With a wave of their wands the Booth sisters have transformed what was once a hobby into a successful career. Though the chapter of the Booth sisters fairytale ends here, the story of Once Upon a Time Vintage has only just begun.

Look out for the launch of ‘Once Upon A Time’ Vintage's A/W 2011 collection inspired by the 90's grunge style.

Photography by Laura McKinnon

Sunday, 2 October 2011

Mod Fashion Revivial

The revival of retro styles, from the return of the 1940s tea dresses to the flares of the 1970s, has become a key element of fashion trends in recent years and the influence of these eras is evident in most designers a/w 2011 collections. However, the vintage a/w fashion recreation that excites me most is the return of the 1960s Mod look.

The cultural mod movement began in London in the late 50s and ran through to the mid to late 1960s. The mod scene developed when British teenagers first gained financial status and used this power to reject the conservative and repressed society surrounding them. The mods were predominately working class, fashion obsessed youths who listened to ska, soul and R&B music at night clubs.

Mod fashion centred around tailor made suits, the parka, pork pie hats, button down shirts, skinny ties, polo shirts, pointed leather shoes, brogues or ‘Chelsea’ boots for males and shirts, a-line mini skirts and dresses often featuring horizontal and vertical stripes, peter pan collars, large Mac style jackets and flat shoes for females. The underground mod look became heavily commercialised in the late 1960s due to the arrival of Twiggy and her high fashion take on the style.

The 2011 a/w mod fashion revival takes the simple, fuss free retro look and revitalises it transforming the simple a-line dresses into dress inspired coats, with bands of clashing colours and materials and giving the classic style a more edgy feel.

The designers who embraced the vintage mod style in their a/w collections are Yves Saint Laurent, Bogetta Veneta and Prada.

Yves Saint Laurent’s collection reshapes the mod look to give it a more classy, high fashion feel. The menswear range takes the retro look to a more basic level, adding maturity to what was once the fashion of teenagers. The parka jackets, pork pie hats have been left back in the sixties. However, the smart elements of the mod style are still evident in the button down shirts, tailored trousers and the suit cut, black and checker coats. The traditional paisley scarves are replaced by tartan woollen ones and the colourful style of mod clothing has been left behind as the collection is dominated by black and white adding to the classic high fashion feel.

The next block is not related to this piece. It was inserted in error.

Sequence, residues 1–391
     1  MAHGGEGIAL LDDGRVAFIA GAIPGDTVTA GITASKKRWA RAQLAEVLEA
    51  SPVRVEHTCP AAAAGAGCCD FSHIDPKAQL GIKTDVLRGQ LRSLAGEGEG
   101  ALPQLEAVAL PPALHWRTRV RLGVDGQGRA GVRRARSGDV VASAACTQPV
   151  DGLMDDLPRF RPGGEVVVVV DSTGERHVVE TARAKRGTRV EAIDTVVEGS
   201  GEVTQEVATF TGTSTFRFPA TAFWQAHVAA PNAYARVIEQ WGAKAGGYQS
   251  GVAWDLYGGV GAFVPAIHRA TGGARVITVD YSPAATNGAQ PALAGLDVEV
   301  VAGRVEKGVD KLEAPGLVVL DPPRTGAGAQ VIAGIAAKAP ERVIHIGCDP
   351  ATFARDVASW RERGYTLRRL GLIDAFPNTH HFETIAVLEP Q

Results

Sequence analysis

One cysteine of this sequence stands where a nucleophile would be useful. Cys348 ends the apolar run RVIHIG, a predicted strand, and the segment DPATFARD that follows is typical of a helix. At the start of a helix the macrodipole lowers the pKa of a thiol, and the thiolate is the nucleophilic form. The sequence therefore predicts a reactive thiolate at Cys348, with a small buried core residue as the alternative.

The YSL womenswear  a/w collection is much like the mens in that it sticks predominantly to black and white colourings. The traditional mod style is maintained in the a-line, checker mini skirt, which is given a more contemporary feel with a studded leather waistband. The grey, checked winter coat combines the Twiggy a-line dresses with the smart jackets of the sixties to give the new mod look more edge.

Bogetta Veneta’s female a/w collection is the most loyal to the original mod look, particularly in it’s use colour blocking and the dominance of red and royal blue. The typical mod polo neck is imitated in the high neckline of the winter coats and a-line skirt is replaced by shapely, fitted pieces.

Prada was another label to recreate the iconic 1960s mod image in their a/w womenswear collection. Colour blocking, checker patterns, high necklines and a lined dresses are key features in the collection. Prada also adopted the contemporary a-line dress jacket. However, I found that in comparison to the conservative YSL coats, Prada’s dress jackets did not look complete as outfits.

As with all up and coming trends there are plenty of high street imitations of the revised mod style for those who have a smaller budget when it comes to updating their wardrobe.


 This Twiggy inspired, peter pan dress is from the limited edition collection at Primark
This mod style polo shirt and oversized jacket is from Urban Outfitters